A place that you should have on your food to-do list is the Yakima Valley Farmers Market. In particular, Lutong Pinoy. This Filipino food stand at the market makes one of the finest chicken adobo that I've had. Lip smacking, full flavored, and balanced with the savory and tart notes that typifies great chicken adobo, this was a surprise of a dish. Big meaty, bone-in drumsticks, served for nine bucks with rice and lumpia, it was a screaming deal.

Any great weekend destination should have points of interests that make for a memorable weekend. If you love to travel to eat and drink (who doesn't?), Yakima Valley has unique things to do. Like Tieton Cider Works. They recently opened their tasting room and production facility in Yakima this past winter. As cider is a growing category in the beverage industry, you can take in the ciders that Tieton Cider Works pours on tap. From their dry-hopped to their cherry cider, the ciders were unique and delicious. As the weather heats up, cider is welcomed at any porch party. (Capitol Cider on Capitol Hill will be featuring Tieton Cider Works at an event on June 15).

Another point of difference are the wineries in Yakima Valley. As the earliest and largest AVA in Washington, Yakima Valley's wineries are unique and highlight their sense of place. Take Hackett Ranch. On this ranch sits Gilbert Cellars, with stunning views of a lavender field, chardonnay vines, and apple orchards, it's an idyllic setting. Gilbert Cellars also shares this space with Wiley City Brewing Company and Glacier Basin Distillery. By visiting these places and talking with the team, it's easy to see their investment and desire to make Yakima great. And the three venues want to support each other, for example the grape musts that come from Gilbert Cellars, Glacier Basin uses it for their grappa. Their intent is to integrate with one another, to better Yakima Valley, and to raise the awareness of their town.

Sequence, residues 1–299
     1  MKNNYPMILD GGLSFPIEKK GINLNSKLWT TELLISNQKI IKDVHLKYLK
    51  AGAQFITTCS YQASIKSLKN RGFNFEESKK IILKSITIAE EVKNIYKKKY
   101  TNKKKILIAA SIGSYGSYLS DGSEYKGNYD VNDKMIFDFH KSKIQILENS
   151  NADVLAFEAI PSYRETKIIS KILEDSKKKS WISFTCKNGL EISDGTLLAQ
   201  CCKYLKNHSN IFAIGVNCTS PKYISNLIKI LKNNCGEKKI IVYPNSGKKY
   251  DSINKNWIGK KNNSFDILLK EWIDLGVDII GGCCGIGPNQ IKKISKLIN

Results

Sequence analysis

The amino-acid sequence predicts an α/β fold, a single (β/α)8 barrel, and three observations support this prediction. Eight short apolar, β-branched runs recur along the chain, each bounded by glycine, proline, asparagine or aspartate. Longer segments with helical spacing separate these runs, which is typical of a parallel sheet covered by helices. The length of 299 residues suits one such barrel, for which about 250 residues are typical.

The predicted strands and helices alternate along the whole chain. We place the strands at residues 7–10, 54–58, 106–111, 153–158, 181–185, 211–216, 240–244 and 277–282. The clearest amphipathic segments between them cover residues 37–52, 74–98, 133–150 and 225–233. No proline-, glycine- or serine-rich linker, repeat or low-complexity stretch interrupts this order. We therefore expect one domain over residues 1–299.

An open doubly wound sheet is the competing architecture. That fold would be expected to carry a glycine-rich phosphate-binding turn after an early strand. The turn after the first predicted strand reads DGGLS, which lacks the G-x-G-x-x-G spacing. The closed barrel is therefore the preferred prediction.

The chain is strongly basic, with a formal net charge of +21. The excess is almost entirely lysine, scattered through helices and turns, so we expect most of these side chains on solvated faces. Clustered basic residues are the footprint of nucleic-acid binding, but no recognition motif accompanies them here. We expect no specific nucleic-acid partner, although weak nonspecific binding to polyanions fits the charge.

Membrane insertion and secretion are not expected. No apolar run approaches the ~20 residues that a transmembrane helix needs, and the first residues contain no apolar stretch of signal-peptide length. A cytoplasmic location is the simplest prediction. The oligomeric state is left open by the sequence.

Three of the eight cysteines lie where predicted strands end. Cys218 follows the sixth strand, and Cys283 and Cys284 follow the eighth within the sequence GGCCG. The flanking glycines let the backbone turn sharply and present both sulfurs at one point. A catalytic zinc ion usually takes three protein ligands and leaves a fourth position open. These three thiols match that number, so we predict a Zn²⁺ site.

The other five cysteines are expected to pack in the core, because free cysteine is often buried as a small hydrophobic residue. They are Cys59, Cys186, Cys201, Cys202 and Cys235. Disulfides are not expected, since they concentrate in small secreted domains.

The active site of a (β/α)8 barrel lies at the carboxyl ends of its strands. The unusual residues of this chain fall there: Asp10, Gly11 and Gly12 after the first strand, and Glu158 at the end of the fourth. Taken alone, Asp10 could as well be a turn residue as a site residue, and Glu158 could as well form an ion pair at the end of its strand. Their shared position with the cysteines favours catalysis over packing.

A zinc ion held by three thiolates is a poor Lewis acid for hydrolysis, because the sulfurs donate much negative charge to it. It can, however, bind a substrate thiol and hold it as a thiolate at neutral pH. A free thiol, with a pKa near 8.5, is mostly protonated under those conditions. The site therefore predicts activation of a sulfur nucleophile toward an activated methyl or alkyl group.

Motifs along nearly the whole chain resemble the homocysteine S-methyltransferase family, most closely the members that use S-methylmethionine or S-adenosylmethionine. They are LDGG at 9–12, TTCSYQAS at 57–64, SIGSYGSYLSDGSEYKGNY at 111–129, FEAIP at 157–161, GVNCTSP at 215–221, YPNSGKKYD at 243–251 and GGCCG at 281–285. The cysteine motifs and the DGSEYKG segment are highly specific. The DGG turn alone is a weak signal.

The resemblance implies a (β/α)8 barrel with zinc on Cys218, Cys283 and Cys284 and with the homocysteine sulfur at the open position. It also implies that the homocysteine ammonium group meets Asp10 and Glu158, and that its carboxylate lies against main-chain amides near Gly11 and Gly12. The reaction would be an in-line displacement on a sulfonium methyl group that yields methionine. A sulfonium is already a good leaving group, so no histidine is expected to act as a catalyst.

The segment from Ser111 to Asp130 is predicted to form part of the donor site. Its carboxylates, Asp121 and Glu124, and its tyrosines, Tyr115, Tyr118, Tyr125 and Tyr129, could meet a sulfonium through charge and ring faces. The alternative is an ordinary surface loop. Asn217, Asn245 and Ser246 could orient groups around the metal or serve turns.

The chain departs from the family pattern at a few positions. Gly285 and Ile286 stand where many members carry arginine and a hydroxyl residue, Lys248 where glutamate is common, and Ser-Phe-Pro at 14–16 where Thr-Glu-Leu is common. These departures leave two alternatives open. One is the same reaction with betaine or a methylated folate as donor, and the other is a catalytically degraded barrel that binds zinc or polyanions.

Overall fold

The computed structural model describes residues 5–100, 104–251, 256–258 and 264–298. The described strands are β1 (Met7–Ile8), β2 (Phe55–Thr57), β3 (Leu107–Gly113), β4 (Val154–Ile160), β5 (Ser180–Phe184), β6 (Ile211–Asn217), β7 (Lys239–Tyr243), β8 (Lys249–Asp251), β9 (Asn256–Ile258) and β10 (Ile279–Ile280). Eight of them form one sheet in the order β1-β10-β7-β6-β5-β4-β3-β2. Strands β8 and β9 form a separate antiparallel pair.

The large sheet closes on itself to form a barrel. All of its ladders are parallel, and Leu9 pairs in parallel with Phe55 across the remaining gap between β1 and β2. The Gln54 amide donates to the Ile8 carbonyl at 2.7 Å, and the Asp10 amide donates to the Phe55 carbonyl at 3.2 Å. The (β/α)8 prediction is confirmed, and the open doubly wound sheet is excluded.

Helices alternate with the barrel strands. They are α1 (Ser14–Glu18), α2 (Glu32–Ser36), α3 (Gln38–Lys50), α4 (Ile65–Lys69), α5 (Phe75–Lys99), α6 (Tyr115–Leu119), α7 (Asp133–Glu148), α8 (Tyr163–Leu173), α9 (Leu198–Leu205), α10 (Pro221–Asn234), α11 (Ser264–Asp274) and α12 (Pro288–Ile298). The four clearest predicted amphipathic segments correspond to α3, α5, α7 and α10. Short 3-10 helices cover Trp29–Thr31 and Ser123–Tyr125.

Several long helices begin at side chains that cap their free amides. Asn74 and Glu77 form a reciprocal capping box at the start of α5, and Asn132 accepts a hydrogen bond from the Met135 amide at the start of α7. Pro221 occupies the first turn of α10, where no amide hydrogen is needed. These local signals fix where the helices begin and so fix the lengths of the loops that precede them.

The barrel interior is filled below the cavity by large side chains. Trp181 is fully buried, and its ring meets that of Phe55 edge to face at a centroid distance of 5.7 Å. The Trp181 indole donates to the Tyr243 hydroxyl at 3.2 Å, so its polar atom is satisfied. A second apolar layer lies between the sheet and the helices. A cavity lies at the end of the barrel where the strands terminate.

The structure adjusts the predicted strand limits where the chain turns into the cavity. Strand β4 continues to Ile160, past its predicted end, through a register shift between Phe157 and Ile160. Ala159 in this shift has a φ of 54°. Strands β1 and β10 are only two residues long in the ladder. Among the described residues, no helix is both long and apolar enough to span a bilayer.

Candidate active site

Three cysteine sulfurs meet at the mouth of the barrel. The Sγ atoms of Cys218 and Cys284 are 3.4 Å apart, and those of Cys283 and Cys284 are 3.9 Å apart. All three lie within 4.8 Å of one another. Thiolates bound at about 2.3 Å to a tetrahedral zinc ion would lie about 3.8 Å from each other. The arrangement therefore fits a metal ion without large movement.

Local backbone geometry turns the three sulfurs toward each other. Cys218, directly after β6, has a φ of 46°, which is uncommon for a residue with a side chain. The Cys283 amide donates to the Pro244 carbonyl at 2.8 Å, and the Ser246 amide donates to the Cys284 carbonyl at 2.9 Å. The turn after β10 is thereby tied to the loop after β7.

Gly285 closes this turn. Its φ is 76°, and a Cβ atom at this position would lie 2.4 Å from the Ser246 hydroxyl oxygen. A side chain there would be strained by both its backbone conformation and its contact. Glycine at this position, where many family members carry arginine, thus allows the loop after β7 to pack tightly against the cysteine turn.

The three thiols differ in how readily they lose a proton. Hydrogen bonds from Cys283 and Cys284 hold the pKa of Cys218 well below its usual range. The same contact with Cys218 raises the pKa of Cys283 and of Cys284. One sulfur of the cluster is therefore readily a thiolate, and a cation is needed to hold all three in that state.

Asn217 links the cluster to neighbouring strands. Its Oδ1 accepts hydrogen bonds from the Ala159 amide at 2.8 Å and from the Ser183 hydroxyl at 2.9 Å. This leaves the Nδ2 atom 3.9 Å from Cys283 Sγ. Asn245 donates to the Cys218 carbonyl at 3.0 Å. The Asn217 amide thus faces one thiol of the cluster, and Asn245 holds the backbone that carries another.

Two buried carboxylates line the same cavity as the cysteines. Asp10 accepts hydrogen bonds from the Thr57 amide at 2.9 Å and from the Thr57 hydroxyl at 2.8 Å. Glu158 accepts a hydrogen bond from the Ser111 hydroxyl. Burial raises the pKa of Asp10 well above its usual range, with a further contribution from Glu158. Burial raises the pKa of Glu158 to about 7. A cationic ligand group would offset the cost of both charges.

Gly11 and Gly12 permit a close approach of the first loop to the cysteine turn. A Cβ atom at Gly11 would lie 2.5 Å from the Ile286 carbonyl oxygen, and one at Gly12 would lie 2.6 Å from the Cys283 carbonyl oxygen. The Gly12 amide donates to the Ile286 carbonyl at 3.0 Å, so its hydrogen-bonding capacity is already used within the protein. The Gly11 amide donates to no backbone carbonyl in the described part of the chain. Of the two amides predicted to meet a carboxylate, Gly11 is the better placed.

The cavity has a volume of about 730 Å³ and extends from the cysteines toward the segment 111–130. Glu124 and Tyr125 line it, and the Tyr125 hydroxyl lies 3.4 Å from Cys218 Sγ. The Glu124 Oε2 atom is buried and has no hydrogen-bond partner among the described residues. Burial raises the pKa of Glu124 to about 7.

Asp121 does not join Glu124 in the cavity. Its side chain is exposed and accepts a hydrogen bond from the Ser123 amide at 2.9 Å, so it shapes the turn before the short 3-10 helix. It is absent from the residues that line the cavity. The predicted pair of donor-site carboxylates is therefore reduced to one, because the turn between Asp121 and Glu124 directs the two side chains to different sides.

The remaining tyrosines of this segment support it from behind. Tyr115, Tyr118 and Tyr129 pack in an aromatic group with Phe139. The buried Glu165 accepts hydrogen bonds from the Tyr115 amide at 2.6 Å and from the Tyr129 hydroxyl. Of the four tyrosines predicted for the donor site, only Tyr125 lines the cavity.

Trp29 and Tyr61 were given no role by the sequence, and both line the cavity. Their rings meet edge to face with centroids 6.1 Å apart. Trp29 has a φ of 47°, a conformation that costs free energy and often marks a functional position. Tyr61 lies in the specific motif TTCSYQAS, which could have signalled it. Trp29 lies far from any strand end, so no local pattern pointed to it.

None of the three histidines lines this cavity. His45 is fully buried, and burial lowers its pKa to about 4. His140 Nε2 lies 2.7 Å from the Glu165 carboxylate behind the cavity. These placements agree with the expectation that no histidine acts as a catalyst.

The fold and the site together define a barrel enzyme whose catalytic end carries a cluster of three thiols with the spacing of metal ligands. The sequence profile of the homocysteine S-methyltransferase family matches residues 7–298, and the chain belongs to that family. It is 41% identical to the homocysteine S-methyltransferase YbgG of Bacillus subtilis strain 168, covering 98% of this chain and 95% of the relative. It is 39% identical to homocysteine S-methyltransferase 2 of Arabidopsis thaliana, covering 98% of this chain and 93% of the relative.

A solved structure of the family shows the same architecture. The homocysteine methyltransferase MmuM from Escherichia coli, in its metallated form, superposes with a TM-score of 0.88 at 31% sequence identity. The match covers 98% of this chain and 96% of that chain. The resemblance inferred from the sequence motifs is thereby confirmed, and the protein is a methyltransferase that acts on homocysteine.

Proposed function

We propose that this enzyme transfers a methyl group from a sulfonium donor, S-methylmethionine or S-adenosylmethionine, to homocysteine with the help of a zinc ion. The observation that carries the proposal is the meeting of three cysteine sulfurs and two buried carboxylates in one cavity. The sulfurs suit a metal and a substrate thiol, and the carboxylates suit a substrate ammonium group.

Head up to Wilridge Winery and Naches Height Vineyard to taste some wine and hike the vineyard. Located at the high point of Yakima Valley, you can look in all directions and take in the sights and sounds. Or walk through the Wilridge vineyard to see Wilridge trying out varietals not often seen amongst Washington vineyards; Touriga Nacional, Zweigelt, Sagrantino, and Nebbiolo. While you take in the wines of both tasting rooms, you can learn about Wilridge's biodynamic farming practices. Or how Naches Heights Vineyard's Riesling will be served at this summer's US Open in Chambers Bay. Back in town, Kana Winery and Lookout Point Winery share the intersection with Cowiche Canyon. For a night out on the town, an itinerary could be an early Friday night dinner at Cowiche and wine at Kana for their open mic night. Or swing by Lookout Point for their suite of Malbec.

Within a few moments of my time in Yakima Valley, I started to ponder my return. As my stay continued, I couldn't wait to get back. To go back for Essencia's pain au chocolat. To try even more Mexican food around town. Eat more of Tieton Farm & Creamery's cheese. Finally try Miner's burger. Taste even more beer. Visit even more wineries. The great thing about Yakima is that it's a scant two-hour drive from Seattle. You can fit in all of this stuff into a weekend and find yourself wanting even more and plotting a return trip to Yakima.